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Breaking New Ground: WHO’s Ethical Guidelines for Large Multi-Modal Models (LMMs) in Healthcare

Introduction

In a revolutionary move, the World Health Organization (WHO) has unveiled groundbreaking ethical guidelines focusing on the use of large multi-modal models (LMMs) in healthcare. These guidelines are a compass for governments, technology companies, and healthcare providers, emphasizing the responsible and equitable utilization of AI technologies in the medical realm.

The World Health Organization (WHO) is releasing new guidance on the ethics and governance of large multi-modal models (LMMs) – a type of fast-growing generative artificial intelligence (AI) technology with applications across health care.

Riding the Wave: The Rise of LMMs

LMMs are not your run-of-the-mill AI technology; they’re the rockstars of the artificial intelligence world, capable of accepting a plethora of data inputs like text, videos, and images, and spitting out diverse outputs that defy the boundaries of their inputs. Think ChatGPT, Bard, and Bert – names that entered the public consciousness like a tidal wave in 2023.

“Generative AI technologies have the potential to improve healthcare, but only if those who develop, regulate, and use these technologies identify and fully account for the associated risks,” says Dr. Jeremy Farrar, WHO Chief Scientist. “We need transparent information and policies to manage the design, development, and use of LMMs to achieve better health outcomes and overcome persisting health inequities.”

Unveiling the Pandora’s Box: Potential Benefits and Risks

Applications Unveiled

The new WHO guidance shines a light on five broad applications of LMMs in healthcare, opening avenues for:

  1. Diagnosis and Clinical Care: Responding to patients’ written queries.
  2. Patient-Guided Use: Investigating symptoms and treatment based on patient input.
  3. Clerical and Administrative Tasks: Documenting and summarizing patient visits within electronic health records.
  4. Medical and Nursing Education: Providing trainees with simulated patient encounters.
  5. Scientific Research and Drug Development: Identifying new compounds for medical advancements.

The Flip Side: Risks and Challenges

While LMMs promise a brave new world in healthcare, the guidance doesn’t shy away from addressing the elephant in the room – the risks. These include:

  • False or Inaccurate Information: LMMs may produce information that is false, inaccurate, biased, or incomplete, posing a threat to those making health decisions based on such data.
  • Quality and Bias Issues: LMMs can be trained on poor-quality or biased data, leading to skewed results based on factors like race, ethnicity, sex, gender identity, or age.
  • Broader Health System Risks: Accessibility and affordability of the best-performing LMMs could create disparities in healthcare. The notorious ‘automation bias’ may creep in, where healthcare professionals and patients overlook errors or delegate critical choices to LMMs.

Navigating the Waters: Key Recommendations

Governments Take the Helm

The new WHO guidance serves as a compass for governments, urging them to:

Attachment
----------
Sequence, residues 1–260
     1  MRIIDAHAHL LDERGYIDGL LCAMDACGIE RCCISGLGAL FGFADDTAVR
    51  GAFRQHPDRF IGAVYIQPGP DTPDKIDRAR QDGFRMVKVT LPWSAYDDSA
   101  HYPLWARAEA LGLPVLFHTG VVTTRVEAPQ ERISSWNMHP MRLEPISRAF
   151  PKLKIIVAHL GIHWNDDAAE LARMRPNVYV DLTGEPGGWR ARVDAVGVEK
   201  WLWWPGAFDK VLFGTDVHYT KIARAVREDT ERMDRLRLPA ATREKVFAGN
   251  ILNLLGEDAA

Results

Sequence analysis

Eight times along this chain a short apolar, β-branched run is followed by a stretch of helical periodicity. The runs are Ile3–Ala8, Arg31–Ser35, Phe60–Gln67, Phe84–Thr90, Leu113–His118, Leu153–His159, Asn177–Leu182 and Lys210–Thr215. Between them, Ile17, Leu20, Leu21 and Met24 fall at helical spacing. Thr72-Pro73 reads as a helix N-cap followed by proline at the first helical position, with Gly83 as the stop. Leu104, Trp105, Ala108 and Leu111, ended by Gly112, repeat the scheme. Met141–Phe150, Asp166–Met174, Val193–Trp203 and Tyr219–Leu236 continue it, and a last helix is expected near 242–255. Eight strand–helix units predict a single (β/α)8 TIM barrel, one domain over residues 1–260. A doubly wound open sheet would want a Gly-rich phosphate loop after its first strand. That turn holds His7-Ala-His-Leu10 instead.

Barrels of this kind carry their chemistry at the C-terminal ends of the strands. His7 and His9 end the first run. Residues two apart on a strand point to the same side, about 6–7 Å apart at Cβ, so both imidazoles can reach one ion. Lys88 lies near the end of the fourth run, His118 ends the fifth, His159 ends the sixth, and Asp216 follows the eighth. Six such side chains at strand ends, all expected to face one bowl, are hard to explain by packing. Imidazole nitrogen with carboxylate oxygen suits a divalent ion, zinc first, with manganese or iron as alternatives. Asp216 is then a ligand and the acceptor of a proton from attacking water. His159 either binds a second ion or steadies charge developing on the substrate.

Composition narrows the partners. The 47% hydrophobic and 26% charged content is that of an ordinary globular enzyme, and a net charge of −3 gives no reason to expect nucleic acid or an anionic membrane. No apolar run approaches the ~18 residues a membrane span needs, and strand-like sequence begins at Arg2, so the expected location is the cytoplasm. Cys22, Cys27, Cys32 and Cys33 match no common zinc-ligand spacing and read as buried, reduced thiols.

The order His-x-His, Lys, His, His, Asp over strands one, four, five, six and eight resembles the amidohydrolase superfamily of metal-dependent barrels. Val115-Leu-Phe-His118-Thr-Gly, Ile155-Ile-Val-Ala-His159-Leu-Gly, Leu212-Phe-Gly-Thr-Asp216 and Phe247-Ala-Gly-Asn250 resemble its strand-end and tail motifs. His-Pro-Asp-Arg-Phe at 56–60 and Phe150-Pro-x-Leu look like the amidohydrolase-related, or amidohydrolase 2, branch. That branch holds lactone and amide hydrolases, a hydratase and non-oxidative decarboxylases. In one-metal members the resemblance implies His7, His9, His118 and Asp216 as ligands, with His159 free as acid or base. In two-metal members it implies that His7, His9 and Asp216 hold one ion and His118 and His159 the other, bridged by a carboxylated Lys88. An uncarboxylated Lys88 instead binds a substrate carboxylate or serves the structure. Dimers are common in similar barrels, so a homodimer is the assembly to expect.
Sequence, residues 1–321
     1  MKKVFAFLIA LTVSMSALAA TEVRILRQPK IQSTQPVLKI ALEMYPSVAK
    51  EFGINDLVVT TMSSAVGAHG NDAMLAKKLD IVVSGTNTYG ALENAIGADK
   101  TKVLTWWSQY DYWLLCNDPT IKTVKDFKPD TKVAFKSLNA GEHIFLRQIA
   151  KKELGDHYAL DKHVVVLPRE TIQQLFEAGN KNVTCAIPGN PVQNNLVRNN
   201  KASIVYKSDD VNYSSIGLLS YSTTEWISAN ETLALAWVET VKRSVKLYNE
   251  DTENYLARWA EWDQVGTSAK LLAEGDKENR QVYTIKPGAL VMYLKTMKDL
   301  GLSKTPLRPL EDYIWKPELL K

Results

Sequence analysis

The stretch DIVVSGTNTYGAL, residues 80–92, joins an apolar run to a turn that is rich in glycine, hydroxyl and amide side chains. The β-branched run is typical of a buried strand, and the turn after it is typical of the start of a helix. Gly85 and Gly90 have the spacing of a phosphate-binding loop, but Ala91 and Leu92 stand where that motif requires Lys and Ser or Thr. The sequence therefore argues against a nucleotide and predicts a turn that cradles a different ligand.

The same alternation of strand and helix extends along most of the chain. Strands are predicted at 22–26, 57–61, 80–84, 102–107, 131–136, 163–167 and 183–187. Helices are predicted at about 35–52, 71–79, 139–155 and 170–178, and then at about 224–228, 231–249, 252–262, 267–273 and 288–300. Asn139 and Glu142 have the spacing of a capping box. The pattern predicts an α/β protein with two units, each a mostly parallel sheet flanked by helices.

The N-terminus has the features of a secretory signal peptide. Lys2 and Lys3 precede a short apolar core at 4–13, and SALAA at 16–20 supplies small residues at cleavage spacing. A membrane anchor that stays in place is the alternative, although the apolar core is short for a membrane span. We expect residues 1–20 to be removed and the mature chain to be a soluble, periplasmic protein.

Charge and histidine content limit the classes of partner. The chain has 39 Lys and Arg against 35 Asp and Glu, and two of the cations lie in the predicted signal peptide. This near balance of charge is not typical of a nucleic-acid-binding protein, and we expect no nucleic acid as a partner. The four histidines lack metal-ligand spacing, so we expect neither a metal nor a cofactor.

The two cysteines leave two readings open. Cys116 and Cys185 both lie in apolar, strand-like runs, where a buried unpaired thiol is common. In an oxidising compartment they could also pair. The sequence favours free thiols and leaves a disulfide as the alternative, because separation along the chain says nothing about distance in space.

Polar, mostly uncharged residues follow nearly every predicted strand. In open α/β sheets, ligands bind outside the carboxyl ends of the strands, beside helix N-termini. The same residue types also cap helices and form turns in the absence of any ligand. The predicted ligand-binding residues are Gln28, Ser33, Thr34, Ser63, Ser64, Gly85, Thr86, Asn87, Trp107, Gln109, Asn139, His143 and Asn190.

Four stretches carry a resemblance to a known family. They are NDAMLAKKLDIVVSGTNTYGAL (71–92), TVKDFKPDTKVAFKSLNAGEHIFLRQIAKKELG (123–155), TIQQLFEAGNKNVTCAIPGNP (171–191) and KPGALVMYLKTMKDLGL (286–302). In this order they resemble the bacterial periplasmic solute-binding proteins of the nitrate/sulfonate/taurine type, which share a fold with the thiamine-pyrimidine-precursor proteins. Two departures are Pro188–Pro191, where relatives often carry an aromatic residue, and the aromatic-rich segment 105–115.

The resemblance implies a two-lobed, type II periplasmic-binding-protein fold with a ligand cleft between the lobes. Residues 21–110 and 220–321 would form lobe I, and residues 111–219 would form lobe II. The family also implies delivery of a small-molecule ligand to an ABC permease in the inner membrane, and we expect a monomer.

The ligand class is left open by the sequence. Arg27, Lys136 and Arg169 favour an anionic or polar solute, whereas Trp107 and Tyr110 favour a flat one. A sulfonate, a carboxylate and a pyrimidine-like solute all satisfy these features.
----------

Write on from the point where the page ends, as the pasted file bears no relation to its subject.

1. Invest in Infrastructure: Provide public infrastructure, including computing power and data sets, accessible to developers across sectors while adhering to ethical principles.
  2. Regulate with Purpose: Use laws, policies, and regulations to ensure that LMMs meet ethical obligations and human rights standards, regardless of associated risks or benefits.
  3. Establish Regulatory Oversight: Assign regulatory agencies to assess and approve LMMs for healthcare use, ensuring adherence to ethical and human rights standards.
  4. Post-Release Auditing: Introduce mandatory post-release auditing and impact assessments by independent third parties, covering data protection and human rights, with outcomes and impacts disaggregated by user type.

Developers, Strap In!

The guidance also throws the spotlight on LMM developers, emphasizing that:

  1. Diverse Inclusion: LMMs should not be designed in silos by scientists and engineers. Potential users, medical providers, researchers, healthcare professionals, and patients must be engaged from the early stages of development to voice concerns and provide input.
  2. Well-Defined Tasks: LMMs should be designed to perform well-defined tasks with accuracy and reliability, ensuring they enhance health systems and prioritize patient interests.

FAQs: Demystifying the WHO Guidelines

Q1: Why is WHO emphasizing LMMs now?

The WHO recognizes the explosive growth of LMMs in healthcare and aims to ensure their responsible use, addressing associated risks and promoting equitable access.

Q2: What are the primary risks associated with LMMs?

Risks include producing false or biased information, poor-quality training data, and broader health system challenges like accessibility and affordability disparities.

Q3: How can governments regulate LMMs effectively?

Governments should invest in infrastructure, regulate with ethical principles, establish regulatory oversight, and implement post-release auditing by independent third parties.

In Conclusion: Navigating the AI Seas Responsibly

As LMMs continue to reshape the landscape of healthcare, the WHO’s ethical guidelines stand as a lighthouse, guiding governments, developers, and stakeholders through the turbulent waters of AI. With transparency, inclusivity, and a commitment to ethical standards, we can harness the potential of LMMs to revolutionize healthcare without compromising on safety or equity. The WHO has sounded the alarm – now it’s up to us to navigate the AI seas responsibly and ensure a healthier future for all.

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